Hitmen, Mercenaries, Floating Blocks and Donut Shops
The first game Radstar1 developed for Roblox was Hitman Reborn, based on a show he used to watch. As he described it, “Hitmen have to protect the city, and players would go around collecting superpowers and fighting off evil people.”
That game helped him get comfortable with coding. Now, he’s pouring everything he’s learned into designing his second game, called Skirmish. It’s based on “a group of mercenaries that come from different planets, and they gather in teams, and now they are paid to fight each other, to defuse bombs.” Skirmish isn’t ready for play yet; Radstar1 is still developing it behind the scenes.
GodOfDonuts has created about a dozen games. He followed his coffee shop immersion with a game called Coalesce. “Playing around in the Roblox Studio, I found that if you took blocks and programmed them to follow your character, and if you hop on top of the blocks, because it’s still trying to follow your character, they’ll push you up. And if you had a bunch of blocks, they would coalesce into a little platform around you. And you could compete with the other players because they were programmed to follow the closest player. So you could steal all their blocks, or you could blow them off their platform and rise higher than them.”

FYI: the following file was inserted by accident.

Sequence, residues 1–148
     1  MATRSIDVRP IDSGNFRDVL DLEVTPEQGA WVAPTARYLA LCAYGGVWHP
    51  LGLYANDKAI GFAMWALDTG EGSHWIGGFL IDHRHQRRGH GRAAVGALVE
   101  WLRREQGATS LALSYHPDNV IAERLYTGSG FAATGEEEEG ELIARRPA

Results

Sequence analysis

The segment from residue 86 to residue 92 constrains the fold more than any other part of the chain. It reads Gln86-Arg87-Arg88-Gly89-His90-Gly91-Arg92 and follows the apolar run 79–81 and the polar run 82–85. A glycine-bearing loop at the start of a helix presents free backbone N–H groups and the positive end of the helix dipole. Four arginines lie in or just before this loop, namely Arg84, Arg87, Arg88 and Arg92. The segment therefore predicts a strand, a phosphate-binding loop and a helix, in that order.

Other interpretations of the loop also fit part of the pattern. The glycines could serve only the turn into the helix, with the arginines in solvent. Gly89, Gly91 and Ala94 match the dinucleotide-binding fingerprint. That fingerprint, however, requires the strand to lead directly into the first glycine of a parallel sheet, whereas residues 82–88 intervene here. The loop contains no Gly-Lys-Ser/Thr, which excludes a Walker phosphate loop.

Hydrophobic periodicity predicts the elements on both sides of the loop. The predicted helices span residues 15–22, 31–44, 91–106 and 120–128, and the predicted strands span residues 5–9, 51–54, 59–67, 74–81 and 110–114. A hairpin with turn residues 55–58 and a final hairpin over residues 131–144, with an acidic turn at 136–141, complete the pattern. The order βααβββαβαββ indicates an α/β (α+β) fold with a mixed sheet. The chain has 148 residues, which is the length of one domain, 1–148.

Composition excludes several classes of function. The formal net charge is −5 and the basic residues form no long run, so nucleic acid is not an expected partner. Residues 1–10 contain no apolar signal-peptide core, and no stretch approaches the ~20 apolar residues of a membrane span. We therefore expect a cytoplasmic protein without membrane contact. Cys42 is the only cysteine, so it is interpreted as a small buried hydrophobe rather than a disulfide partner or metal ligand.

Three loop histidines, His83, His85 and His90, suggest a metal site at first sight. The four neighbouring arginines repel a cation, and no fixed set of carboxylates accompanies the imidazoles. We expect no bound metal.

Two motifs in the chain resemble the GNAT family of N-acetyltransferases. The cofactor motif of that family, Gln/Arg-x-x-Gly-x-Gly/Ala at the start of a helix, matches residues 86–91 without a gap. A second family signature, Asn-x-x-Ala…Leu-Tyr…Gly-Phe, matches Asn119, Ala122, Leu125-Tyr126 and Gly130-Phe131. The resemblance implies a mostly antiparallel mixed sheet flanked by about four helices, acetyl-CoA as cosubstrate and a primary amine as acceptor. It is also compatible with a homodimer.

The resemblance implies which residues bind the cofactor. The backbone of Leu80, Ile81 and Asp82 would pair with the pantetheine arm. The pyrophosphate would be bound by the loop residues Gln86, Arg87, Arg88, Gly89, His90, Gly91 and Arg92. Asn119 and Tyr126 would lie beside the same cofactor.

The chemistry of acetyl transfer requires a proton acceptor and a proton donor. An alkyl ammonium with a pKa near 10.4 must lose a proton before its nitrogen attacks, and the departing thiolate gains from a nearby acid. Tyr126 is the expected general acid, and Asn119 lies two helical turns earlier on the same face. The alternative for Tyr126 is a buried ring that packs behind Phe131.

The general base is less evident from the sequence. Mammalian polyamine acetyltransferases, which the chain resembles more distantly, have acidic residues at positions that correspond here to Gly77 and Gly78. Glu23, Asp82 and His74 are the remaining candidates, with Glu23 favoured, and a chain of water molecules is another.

Although he regrets calling it Coalesce (because “it’s a really difficult name for kids to pronounce”), the game was featured on Roblox Live! and on the Roblox YouTube channel. It’s also available on mobile and has been translated into Spanish. Eventually, it became one of the launch titles for the Roblox-for-Xbox port.
Since then, he’s made a pirate ship fighting game called Overboard and a detective game that experiments with story and dialogue, A third game he’s challenges players with a “procedurally generated obstacle course” inspired by the current “speedrunning game craze.” He’s also developing a “tycoon-based” game — one based on players running a simulated business — in which you run your own donut shop.
Blocky, Free and Anything You Want
Over half of U.S. kids and teens under the age of 16 play Roblox. I asked Radstar1 why my daughter, her friends and 32.6 million other young people are so obsessed with it.